Transparency International: Georgia's economic dependence on Russia will continue to grow
“On September 29th Transparency International – Georgia (TI) published a study according to which Georgia’s economic dependence on Russia will continue to grow in 2023.
According to TI, in January-June 2023 Georgia received 2 billion dollars of income from Russia through remittances, tourism and export of goods, which is 1.6 times more than in January-June 2022.
Among the specific findings of the study we should note the following:
- In the first 6 months of 2023, 6,539 Russian companies were registered in Georgia. Since March 2022, 3 times more Russian companies have been registered in Georgia than in 1995-2021;
- 96% of companies registered in 2022-2023 are individual enterprises. This indicates that a part of Russian citizens moved to Georgia to live and do business for a long time;
- 578 thousand visitors came from Russia in January-June 2023, which is 2 times the January-June 2022 figure, but 16% below the pre-pandemic 2019 figure. The share of Russians in the total number of visitors to Georgia is 20%. Before 2022, the share of Russian citizens never reached 20%;
- Some of the Russians have settled in Georgia for a long time. In 2022, there were 62.3 thousand Russian citizens living in Georgia;
- The arrival of Russian migrants in Georgia has led to a significant increase in remittances. In 6 months of 2023, remittances from Russia to Georgia increased by 50% and amounted to 1.1 billion dollars;
- In January-June 2023, exports from Georgia to Russia increased by 34% to $344 million. Russia’s share in Georgia’s total exports amounted to 11.3%, up 1.3 percentage points from January-June 2022. The increase in exports was mainly due to an increase in re-exports of automobiles;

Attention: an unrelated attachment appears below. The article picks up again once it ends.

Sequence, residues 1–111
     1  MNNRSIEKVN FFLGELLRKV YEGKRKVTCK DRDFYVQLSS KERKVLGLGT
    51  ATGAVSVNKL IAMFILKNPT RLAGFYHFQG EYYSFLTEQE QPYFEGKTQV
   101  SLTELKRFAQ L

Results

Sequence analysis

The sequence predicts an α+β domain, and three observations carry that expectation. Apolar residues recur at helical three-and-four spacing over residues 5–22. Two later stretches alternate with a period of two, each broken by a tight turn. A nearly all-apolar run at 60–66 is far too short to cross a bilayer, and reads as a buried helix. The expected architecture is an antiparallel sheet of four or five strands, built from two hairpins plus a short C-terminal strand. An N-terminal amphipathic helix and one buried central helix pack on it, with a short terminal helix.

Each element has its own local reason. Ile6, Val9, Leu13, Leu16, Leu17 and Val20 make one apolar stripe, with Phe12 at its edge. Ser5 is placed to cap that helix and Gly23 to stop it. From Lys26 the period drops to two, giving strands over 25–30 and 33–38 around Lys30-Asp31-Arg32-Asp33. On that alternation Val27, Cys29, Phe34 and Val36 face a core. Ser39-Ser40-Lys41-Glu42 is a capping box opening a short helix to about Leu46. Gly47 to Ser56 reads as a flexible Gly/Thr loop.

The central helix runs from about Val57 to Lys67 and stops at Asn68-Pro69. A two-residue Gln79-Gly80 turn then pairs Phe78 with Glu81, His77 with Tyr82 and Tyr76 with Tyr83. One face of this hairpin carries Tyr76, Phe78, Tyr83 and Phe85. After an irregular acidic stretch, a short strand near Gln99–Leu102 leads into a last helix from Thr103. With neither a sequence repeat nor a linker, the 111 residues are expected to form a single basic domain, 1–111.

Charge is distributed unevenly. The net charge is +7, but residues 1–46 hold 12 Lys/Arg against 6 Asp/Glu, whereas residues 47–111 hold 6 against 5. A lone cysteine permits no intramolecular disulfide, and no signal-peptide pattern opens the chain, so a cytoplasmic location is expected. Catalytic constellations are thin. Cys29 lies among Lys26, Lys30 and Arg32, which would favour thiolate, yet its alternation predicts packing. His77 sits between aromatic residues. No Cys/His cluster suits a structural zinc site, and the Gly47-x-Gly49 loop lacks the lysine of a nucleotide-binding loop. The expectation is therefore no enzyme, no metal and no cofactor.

- Georgian wine exports are characterized by high dependence on the Russian market. In the first 6 months of 2023, wine exports to Russia increased by 41% to $82 million. The Russian market accounts for 65% of Georgian wine exports, which is the highest since 2005;
- Imports from Russia increased 31% to 927 million dollars in January-June 2023. The share of imports from Russia in Georgia’s total imports is 12.9%. Russia’s share in imports has not been this high since 2007;
n the first 6 months of 2023, imports of petroleum products from Russia increased the most – by 75%. Compared to the period before the Russian-Ukrainian war, imports of petroleum products increased 5 times;
In January-June 2023, gas imports from Russia increased by 119%, and the share of Russian gas in Georgia’s domestic consumption amounted to 24%, compared to 11.6% in January-June 2022. The share of Russian electricity in Georgia’s domestic consumption amounted to 0.1%, as Georgia did not actually consume imported electricity in January-June;
Foreign direct investment from Russia totaled $108 million in 2022, an annual record. In January-June 2023, investment from Russia increased 7-fold to $56 million, of which $27 million was invested in financial and insurance activities and $18 million in real estate.
- The Georgian economy is increasingly dependent on Russia. Numbers and analysis
- The war in Ukraine one year on, what is has changed in Georgia
As TI explains, the goal of the Georgian government should be to minimize economic dependence on Russia. Last April, the organization released recommendations on what should be done to reduce economic dependence on Russia, which are still relevant today.
In order to reduce trade with Russia, the Georgian government should start working more actively and more quickly on signing free trade agreements with all strategic partners with whom there is no such agreement yet. Although the real positive effects of such agreements are long-term, based on the current situation, Georgia could be more active in demanding that its strategic partners accelerate the conclusion of a free trade agreement;
Since diversification of the wine export market is difficult and cannot be realized quickly, the government should have a strategy on how to reduce dependence on the Russian market in the coming years;
Aid from the state budget should not be provided to enterprises that increase their economic dependence on Russia. The introduction of the mentioned rule will play an important role in reducing the dependence of the Georgian economy on Russia, which will increase Georgia’s economic and political security.